The Global Rivers Environmental Educational Education Network and the Case of the Rouge River in Detroit, Michigan.
The roots of the Interactive Rouge River Water Quality Monitoring Project began on the Huron River and Huron High School in Ann Arbor, Michigan. In the Spring of 1984, William Stapp and Mark Mitchell approached a science teacher at Huron High School about a river project being developed at the University of Michigan, School of Natural Resources. Huron High School was an ideal site for implementing a pilot water quality monitoring program because it lies near Gallup Park on the Huron River, and because students windsurfed at Gallup Park and jumped from its bridges. There had been reports of windsurfers getting ear infections and diarrhea; at least one individual reported getting hepatitis. All of these illnesses could be linked to the water quality at Gallup Park.
Science classes learned how to safely and accurately run nine water quality tests that constitute the National Sanitation Foundation’s Water Quality Index (NSF,WQI). These nine tests include: dissolved oxygen, fecal coliform, pH, biochemical oxygen demand, temperature, nitrates, total phosphates, turbidity, and total solids. Of these nine tests, fecal coliform was the most revealing in regard to public health concerns of students. Fecal coliform bacteria are found in the intestinal tract of warm-blooded animals, including humans. These bacteria are used as indicators for the probability of contracting waterborne pathogens that cause hepatitis "A", dysentery, and gastroenteritis. Based on Environmental Protection Agency (EPA) studies, the government has set a standard of 200 fecal coliform colonies/100 ml of water for total body contact, such as swimming (and for most people, windsurfing).
Through the water quality monitoring program, students measured levels of 1,500-4,500 fecal coliform colonies/100 ml of water many times higher than acceptable levels for total body contact. Students discovered that storm sewers upriver from Gallup Park were implicated as the primary source of fecal coliform bacteria. In response to information-gathering by students and their fecal coliform data, students began to compose letters of concern to the Ann Arbor News, to City Council, to the County Health Department, and to the Arm Arbor Parks and Recreation Department. The result of student efforts, citizen response, and a School of Public Health study was the erection of a sign at Gallup Park warning the public not to windsurf after rains.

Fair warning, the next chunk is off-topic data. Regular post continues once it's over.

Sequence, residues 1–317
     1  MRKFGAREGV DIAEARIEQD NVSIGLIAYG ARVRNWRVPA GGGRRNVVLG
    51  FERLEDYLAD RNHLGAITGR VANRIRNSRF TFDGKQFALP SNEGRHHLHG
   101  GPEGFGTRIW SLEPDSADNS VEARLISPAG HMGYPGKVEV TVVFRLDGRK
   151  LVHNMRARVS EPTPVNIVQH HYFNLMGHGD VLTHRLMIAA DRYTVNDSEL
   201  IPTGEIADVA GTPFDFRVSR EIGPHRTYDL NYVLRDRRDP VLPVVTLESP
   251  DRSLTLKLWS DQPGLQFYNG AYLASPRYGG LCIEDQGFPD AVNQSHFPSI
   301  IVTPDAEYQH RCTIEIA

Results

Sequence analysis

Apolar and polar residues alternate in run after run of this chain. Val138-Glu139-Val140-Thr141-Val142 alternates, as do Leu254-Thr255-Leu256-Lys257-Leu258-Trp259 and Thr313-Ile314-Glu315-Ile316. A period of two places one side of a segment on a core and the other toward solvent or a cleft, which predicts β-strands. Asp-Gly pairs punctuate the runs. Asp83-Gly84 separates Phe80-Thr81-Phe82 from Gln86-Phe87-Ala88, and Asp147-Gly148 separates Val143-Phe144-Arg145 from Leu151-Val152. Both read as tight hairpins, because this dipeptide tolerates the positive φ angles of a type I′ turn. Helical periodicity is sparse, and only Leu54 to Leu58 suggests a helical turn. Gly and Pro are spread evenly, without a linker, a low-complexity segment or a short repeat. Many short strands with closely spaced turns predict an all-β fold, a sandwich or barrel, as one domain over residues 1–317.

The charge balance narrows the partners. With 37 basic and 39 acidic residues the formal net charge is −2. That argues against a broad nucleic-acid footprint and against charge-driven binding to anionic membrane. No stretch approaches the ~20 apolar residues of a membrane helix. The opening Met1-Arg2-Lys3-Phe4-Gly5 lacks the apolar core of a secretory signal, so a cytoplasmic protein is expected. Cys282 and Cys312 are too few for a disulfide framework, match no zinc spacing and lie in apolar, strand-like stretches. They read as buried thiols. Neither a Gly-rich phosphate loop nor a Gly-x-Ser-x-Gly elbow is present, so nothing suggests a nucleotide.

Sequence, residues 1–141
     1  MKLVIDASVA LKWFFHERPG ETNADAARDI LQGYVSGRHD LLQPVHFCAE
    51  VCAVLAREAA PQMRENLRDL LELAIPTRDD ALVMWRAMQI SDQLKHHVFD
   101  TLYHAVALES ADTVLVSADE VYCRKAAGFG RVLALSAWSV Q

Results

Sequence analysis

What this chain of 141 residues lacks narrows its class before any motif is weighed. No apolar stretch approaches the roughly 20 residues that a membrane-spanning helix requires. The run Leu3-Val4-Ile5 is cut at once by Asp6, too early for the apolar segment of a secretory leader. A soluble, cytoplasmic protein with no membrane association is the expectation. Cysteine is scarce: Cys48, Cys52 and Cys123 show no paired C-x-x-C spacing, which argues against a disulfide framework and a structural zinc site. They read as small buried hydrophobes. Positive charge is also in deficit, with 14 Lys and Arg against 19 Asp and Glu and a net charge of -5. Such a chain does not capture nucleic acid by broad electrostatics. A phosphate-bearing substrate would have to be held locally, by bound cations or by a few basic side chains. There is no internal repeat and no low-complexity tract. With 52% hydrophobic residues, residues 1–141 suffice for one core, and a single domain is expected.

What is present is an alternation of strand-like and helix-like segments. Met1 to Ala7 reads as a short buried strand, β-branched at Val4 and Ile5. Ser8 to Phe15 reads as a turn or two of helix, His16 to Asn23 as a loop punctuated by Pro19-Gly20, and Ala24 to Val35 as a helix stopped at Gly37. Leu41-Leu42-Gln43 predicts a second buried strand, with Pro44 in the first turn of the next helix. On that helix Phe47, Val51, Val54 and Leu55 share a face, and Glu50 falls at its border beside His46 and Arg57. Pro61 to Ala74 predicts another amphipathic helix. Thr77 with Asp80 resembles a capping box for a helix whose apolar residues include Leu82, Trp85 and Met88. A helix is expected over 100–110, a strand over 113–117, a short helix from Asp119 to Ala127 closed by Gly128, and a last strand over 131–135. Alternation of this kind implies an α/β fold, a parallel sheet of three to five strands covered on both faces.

In 1985, the project spread downriver to Belleville High School in Belleville, Michigan. Here students in Ecology class were eager to monitor Belleville Lake-a focus of recreation, especially water skiing and fishing. This impoundment of the Huron River had been closed twice to recreation in the previous ten years because of high fecal coliform levels. An important development in the design of the program occurred when a group of Belleville High School students and a group of Huron High School students met to look at water quality data, and try to determine why water quality changed over this 13 mile (21 km) stretch of river.
In 1986, the project grew to include Dexter High School and Middle School in Dexter, Michigan upriver from Huron High School. Students and teachers from these schools, from Huron High School, and from Belleville High School met to share information, to systematically collect benthic macroinvertebrates as indicators of water quality, and to plot their combined data using a computer graphing program. The experiences and insights gained in three years of work with science classes along the Huron River set the stage for work along the Rouge River. Over the past five years, many of our educational colleagues have been involved in an effort to improve education and the environment in the Detroit metropolitan region-and to transfer this model to other national and international regions. This chapter is directed at the planning, development, implementation, and evaluation of a water quality monitoring model that is presently being used and adapted in over 200 rivers in North America, and in over 50 nations on all continents.
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